"I think I’d be lying to say I wasn’t nervous. Of course I’m nervous, but I’m nervous for all the same reasons I’d be for the introduction of any new produce item," said Okanagan Specialty Fruits (OSF) founder Neal Carter.
Speaking with Fresh Fruit Portal during the Produce Marketing Association (PMA) Fresh Summit in New Orleans last week, Carter's response downplayed the launch of what could be a complete game-changer for sliced apples as we know them.
Following decades of scientific research and years of regulatory hoops to jump through, the Intrexon-owned Canadian company's non-browning apples - an effect caused by the silencing of the gene polyphenol oxidase (PPO) - have reached a sufficient volume to run at least a two-month season this year.
"The crop is fully harvested. We have 250 acres planted which is significant but most of them are young trees," Carter said.
"We only pick fruit from the trees that were planted in 2015, and we’ve got about 175,000 pounds of Arctic Goldens from that," he said.
"In the apple world that’s really not much crop – we picked it in two days," he said, adding post-harvest tests showed around 78% of the crop was suitable for slicing.
He expected the first Arctic Goldens would start to be seen in stores as of Nov. 1. In the meantime, his biggest concerns are around logistics, packaging issues and how the pallets will stand up in transport.
While some consumers will be suspicious of the genetically-modified fruit, OSF has the compelling argument that its fruit is preservative-free unlike so many sliced apples that are treated with chemical antioxidant calcium ascorbate.
"In fact the GM component of it is really down the list of my overall concerns; the product performs, we know that and we’re comfortable with the product," he said.
"The question is, will consumers like it? And every indication is yes. We have so many people asking where they could get it."
Carter said OSF was working with a few distributors that focus on regional retailers, predominantly in the U.S. Midwest.
"We have three distributors and then two retailers that do their own distributing that will put Arctic Goldens into a selection of their stores. It works out to be 390 stores total for 10-12 weeks," he said.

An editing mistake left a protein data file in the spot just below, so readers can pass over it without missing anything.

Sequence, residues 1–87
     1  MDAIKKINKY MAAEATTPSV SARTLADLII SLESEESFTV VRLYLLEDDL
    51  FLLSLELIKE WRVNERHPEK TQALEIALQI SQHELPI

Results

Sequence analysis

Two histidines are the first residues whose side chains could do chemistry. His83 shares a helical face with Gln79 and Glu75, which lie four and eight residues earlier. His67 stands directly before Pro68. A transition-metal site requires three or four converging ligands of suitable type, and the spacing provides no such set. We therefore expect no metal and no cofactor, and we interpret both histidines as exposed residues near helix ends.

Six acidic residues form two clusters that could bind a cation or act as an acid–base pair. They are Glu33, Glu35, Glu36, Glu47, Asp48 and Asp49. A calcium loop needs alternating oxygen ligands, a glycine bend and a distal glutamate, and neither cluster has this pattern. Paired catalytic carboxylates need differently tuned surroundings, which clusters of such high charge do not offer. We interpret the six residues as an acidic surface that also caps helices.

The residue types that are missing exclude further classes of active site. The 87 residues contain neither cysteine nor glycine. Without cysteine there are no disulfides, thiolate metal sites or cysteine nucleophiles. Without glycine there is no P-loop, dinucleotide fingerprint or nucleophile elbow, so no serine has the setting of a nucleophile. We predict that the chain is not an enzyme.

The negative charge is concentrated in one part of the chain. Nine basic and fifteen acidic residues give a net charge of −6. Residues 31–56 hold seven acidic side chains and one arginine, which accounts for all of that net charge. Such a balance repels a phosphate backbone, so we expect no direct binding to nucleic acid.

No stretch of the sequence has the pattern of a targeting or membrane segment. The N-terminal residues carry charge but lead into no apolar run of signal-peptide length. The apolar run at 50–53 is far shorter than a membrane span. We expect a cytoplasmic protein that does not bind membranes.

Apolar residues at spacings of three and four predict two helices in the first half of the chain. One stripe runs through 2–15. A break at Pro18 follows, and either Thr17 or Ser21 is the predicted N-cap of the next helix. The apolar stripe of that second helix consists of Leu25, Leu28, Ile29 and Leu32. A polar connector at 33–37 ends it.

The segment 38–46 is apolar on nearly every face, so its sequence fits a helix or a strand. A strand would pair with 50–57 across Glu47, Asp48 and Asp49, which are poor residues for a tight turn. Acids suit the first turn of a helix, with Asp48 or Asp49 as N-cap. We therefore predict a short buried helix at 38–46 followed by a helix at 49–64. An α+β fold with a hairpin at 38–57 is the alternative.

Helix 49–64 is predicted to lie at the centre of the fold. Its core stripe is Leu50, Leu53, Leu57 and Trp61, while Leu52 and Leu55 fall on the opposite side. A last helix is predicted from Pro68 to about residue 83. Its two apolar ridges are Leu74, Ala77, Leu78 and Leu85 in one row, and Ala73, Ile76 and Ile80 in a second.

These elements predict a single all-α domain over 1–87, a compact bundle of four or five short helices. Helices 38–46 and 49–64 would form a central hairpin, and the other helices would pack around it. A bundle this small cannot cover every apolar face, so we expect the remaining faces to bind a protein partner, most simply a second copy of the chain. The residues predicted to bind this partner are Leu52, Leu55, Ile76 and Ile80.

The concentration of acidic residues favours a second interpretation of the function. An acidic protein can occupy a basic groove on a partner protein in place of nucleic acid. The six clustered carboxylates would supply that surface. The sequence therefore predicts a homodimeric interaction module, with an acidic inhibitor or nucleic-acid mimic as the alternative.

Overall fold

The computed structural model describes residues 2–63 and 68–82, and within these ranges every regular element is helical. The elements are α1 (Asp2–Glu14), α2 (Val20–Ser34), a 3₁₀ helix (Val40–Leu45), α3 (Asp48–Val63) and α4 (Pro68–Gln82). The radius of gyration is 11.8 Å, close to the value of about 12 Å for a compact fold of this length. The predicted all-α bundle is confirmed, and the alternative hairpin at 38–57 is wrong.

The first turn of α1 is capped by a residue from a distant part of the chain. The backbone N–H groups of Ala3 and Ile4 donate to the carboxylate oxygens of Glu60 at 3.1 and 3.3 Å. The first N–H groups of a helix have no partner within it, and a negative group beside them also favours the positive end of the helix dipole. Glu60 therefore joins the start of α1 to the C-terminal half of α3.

"So it’s going to be a fairly short and intense marketing window for us, but a long enough duration so that we can look at repeat sale metrics and performance metrics in stores.
"It’s a presence – November, December, maybe wrapping up January, but we may be done before Christmas; if the movement is good and we just keep slicing and shipping."
Arctic fruit, from apples to cherries
OSF's next crop in the pipeline is the Arctic Granny, a Granny Smith that has gone through the same process as the Arctic Golden.
Both varieties were approved by the U.S. Food and Drug Administration (FDA) and the United States Department of Agriculture (USDA) in 2015, followed by the Arctic Fuji last year which is still awaiting approval from Canadian authorities.
"The Grannys are really one year behind the Goldens – in the apple world you typically strip the fruit off young grees because you’re trying to build the tree, and then you crop it the next year," Carter said.
"So the only Grannys we have are really from trees that we stripped but we missed a bud. We have the odd Granny, enough to do some testing with but we’re not picking any Grannys this year for commercial sales.
"This is just the start...the focus is more Arctics off course," he said, adding the Arctic Gala was next in line after the Arctic Fuji.
But OSF's research isn't just in apples. Carter underscored the great potential for applying the same technology to pears and cherries.
"You can only imagine a blush type cherry or a Rainier cherry that didn’t get enzymatic browning; I don't know how familiar you are with cherries but you can just about look at it and it’ll go brown," he joked.
"For a grower it’s so frustrating to grow that variety - leaf rub, limb rub, wind."
He added the technology would also help keep the cherry stems green.
"When you pick cherries you pick stems, you don’t pick the fruit, and people don’t think about it but that green stem gets bruised," he said.
"Stems dry out, yes, but stems go brown because they’re bruised – so you take the PPO away and suddenly the stem lasts longer.
"And then of course there are other traits. We have some platform technology we’re developing now and that’s really coming along."
He said this involved what's known as "stacking traits" in tree fruits including non-browning and other aspects, including the "holy grail" of fire blight resistence.
"You look at companies like Monsanto and their smart stack and they’ve got 10-12 traits being manipulated in that product now," he said.
"Okay, we’re not them, we’re not quite as good as they are and tree fruits are harder to work with, but there’s going to be a day when we will be fixing a lot of the things that are impacting the crop from an environmental, production point of view as well as consumer-facing traits.
"Fire blight resistance is a huge one, and it’s really one of the drivers of the platform we’re working on right now.
"Fire blight being a bacteria, you’re going to have multiple strains of bacteria. It’s a hard nut to crack; you need a really robust intervention to make that work and so this platform is going to allow us to do that, to assess eight or 10 genes and combinations thereof and really something that takes us to a whole other level."